Written by Susan B.
Our magnificent and mild Southern California climate blurs the lines between seasons. Naturally, it may not occur to us to think about plants that bring our front or backyards to life throughout each season. We believe that a well-balanced landscape design incorporates green and flowering plants, shrubs, and trees that offer interest at different times during the year. During the winter, many plants go dormant. They go into hibernation. It is a period during which plants that provide interest at other times of the year rest, storing up energy they’ll need when new growth emerges in the spring. Plants and shrubs offer winter interest with berries that feed wildlife, or the colors and textures of tree and shrub trunks, their branches, or small twigs. Let’s look at some of our top shrub choices for winter garden interest.
Grevillea Ianigera belongs to the genus Grevillea. It is considered a broadleaf evergreen shrub, and it is native to Australia. The genus name is a tribute to Charles Francis Greville, one of the founders of the UK’s prestigious Royal Horticultural Society, which was founded in 1804. Since its native habitat is in the Southern Hemisphere, it makes sense that it would be at its best during Southern California’s mild winters. It is a low growing shrub — with a maximum height of 12-inches. It makes up for what it lacks in height with its sprawling growth habit, spreading to a width of about 4 ½ feet.
Grevillea Ianigera ‘Coastal Gem’ produces narrow grayish-green leaves that form clusters on the shrub’s branches. Tight clusters of cream and reddish-pink colored flowers grow off the branch tips. This Grevillea cultivar is hardy between zones 8 and 11. It is tough enough to withstand rugged conditions, including salt spray from coastal areas, and drought. It will grow in either sun or partial shade, and it does best in neutral to slightly acidic soil. The flowers attract hummingbirds, so Grevillea is a useful winter pollinator plant.
Valentine Emu Bush, also known as Red Emu, and Spotted Emu Bush, is a native of inland Australia. It is a low-growing evergreen shrub that belongs to the Myoporaceae family. This particular Eremophilia cultivar is compact and has a growth habit that results in a rounded shape. Once established in the landscape, it grows slowly, ultimately reaching a maximum height of between 3-and-5 feet, and spreading to a width of between 4-and-6 feet.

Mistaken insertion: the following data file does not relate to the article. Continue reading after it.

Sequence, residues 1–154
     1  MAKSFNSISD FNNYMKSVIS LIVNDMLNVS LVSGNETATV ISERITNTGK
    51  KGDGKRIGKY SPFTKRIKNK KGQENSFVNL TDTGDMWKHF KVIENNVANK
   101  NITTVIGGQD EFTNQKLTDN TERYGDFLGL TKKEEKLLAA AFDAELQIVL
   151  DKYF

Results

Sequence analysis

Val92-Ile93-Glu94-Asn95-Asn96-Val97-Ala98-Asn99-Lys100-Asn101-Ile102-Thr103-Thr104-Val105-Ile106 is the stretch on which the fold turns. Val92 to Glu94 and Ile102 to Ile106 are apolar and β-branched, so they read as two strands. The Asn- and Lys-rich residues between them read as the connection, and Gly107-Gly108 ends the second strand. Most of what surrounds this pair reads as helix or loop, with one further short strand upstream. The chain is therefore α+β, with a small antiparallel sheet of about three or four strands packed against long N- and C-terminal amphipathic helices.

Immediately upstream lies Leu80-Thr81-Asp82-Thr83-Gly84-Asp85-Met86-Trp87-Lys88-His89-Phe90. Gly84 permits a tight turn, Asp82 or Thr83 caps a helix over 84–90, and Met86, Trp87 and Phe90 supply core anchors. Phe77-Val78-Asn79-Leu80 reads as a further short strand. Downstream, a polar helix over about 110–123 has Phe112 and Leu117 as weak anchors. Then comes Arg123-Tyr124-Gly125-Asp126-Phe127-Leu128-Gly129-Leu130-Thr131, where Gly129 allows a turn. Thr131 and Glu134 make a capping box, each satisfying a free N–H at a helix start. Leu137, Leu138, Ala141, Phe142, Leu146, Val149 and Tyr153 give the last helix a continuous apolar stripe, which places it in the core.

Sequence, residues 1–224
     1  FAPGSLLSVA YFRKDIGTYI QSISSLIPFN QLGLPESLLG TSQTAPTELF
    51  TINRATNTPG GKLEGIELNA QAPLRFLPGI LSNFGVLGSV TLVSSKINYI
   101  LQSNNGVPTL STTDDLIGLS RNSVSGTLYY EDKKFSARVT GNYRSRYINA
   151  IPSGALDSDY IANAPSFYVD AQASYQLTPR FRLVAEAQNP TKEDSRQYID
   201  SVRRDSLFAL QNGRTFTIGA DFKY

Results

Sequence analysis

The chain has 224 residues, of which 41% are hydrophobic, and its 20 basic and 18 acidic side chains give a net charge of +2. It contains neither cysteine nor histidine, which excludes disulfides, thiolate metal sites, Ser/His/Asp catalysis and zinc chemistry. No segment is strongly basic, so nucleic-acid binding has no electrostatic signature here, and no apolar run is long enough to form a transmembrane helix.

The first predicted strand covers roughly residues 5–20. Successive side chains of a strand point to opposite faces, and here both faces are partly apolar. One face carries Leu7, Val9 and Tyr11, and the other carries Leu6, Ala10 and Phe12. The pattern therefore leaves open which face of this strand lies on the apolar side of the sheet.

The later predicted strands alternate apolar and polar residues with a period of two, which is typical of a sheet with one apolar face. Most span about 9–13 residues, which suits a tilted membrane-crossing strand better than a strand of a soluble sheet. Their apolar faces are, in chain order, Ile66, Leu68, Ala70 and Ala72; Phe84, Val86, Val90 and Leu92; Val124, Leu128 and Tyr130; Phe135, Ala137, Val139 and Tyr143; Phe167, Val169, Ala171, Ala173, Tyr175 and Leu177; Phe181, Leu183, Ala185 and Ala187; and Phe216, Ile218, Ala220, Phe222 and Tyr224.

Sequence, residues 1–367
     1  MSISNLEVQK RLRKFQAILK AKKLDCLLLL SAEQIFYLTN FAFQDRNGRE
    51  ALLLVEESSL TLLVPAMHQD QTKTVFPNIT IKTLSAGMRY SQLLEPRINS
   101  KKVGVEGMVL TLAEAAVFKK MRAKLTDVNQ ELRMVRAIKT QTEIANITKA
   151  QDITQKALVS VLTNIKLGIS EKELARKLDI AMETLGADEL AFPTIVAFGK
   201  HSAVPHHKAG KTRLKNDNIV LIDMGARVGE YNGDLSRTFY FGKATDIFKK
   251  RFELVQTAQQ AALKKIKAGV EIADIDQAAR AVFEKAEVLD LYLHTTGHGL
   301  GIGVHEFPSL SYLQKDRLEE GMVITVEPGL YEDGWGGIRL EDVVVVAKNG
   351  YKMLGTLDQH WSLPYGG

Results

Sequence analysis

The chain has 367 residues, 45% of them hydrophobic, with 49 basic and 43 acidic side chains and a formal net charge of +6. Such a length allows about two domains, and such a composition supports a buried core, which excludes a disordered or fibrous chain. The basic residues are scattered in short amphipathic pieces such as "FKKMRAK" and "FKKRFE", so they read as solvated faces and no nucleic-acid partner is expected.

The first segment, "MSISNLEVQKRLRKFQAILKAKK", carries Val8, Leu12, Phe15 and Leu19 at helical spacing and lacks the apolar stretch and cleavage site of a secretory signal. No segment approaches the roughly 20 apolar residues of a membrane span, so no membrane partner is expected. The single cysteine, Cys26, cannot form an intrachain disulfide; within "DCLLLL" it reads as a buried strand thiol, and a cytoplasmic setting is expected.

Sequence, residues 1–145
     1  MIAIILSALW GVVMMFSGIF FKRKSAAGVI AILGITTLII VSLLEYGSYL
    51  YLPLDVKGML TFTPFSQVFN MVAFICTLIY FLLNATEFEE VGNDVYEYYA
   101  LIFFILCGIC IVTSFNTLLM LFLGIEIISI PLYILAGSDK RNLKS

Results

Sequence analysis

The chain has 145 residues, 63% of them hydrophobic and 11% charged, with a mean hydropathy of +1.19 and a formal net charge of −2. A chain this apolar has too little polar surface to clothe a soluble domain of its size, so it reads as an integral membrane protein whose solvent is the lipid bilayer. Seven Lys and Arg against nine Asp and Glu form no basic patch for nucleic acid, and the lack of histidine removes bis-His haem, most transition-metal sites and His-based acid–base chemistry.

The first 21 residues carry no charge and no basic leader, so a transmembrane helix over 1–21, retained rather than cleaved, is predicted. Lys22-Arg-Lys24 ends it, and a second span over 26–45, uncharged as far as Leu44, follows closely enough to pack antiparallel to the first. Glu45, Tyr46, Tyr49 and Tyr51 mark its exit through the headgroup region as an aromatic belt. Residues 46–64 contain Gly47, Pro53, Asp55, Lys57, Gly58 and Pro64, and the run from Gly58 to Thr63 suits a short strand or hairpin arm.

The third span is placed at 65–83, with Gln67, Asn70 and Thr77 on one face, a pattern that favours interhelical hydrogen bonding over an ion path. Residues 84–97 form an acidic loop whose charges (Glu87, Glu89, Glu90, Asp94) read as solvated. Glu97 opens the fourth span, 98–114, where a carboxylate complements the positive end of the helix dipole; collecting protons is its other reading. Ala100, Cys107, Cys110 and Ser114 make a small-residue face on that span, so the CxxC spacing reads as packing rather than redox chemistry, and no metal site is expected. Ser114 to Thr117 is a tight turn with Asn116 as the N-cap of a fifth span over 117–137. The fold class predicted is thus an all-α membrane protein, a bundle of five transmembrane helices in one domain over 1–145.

Valentine Emu Bush can adapt to any soil pH, but it needs well-drained soil. Because of its adaptability, it’s well-suited to coastal areas where many shrubs can’t tolerate the salt spray. Throughout the summer months, foliage on Red Emu is a dull grayish-green color. Fall foliage goes from grayish-green to green and red. During the winter months, the leaves turn to a purplish-grayish-green color. As its name suggests, Valentine Emu Bush is showiest during winter and spring when it produces a profusion of 1-inch long tubular red flowers that appeal to butterflies and hummingbirds. After flowering, the shrub is covered with small, barely perceptible round berries.
Eremophila maculata is hardiest in USDA growing zones 9 -10. Because of its drought tolerance and minimal maintenance needs, it is an excellent addition to a Xeriscape landscape design.
Big Berry Manzanita is native to California and Baja California, Mexico. Depending on where it grows, it can be considered a large shrub or a small tree. Plants that grow inland are smaller. Big Berry Manzanita has leaves that are 5 centimeters long (1 31/32 inches), and 4 centimeters wide (1 37/64-inches), The leaves have a waxy feel and are a light grayish-green color. Their shape lies between oval and nearly round, and they can be entirely smooth or have jagged-tooth edges. Leaves grow on petioles that measure roughly 1 centimeter (25/64 inches). Big Berry Manzanita produces hanging clusters of pink or white flowers, which are narrow and urn-shaped. It blooms in winter and in spring.
After flowering, Big Berry Manzanita shrubs produce large edible fruits that are larger than the fruits of any of the Manzanita cultivar. The drupe (stone) fruits are typically round or egg-shaped and measure between 12 (15/32 inches) and 15 (19/32 inches) millimeters wide. The plant’s fruits have a light-red thick pulp, but the outer skin (or coat) is tough and sticky. Under the fruit pulp, there is a fused mass that contains 3 to 6 nutlets.
The plant reproduces via seeds that fall on the ground and are then exposed to fire (from wildfires.) Big Berry Manzanita has a long lifespan – living for 100 years or more. The best site to plant Big Berry Manzanita is near large rocks. If that isn’t possible, you can surround the shrub’s roots with large stones. In dry areas of its native range, it performs best on north-facing slopes or near creeks where there is partial shade. After the first year of growth, the shrub won’t tolerate direct water during the summer months.
Big Berry Manzanita grows to a height of between 3.3 feet and 20 feet, and a width of between 6 feet and 20 feet. Its growth habit is upright or in a vertical column. Its growth rate is slow to moderate. Flowers attract bees, butterflies, and hummingbirds, and fruits attract other birds.
Our inventory is always changing, but you can count on us to carry seasonal plants, shrubs, and trees that are suited to our growing areas. Call us or come in to talk one of our garden experts about finding shrubs that will bring winter interest to your property.
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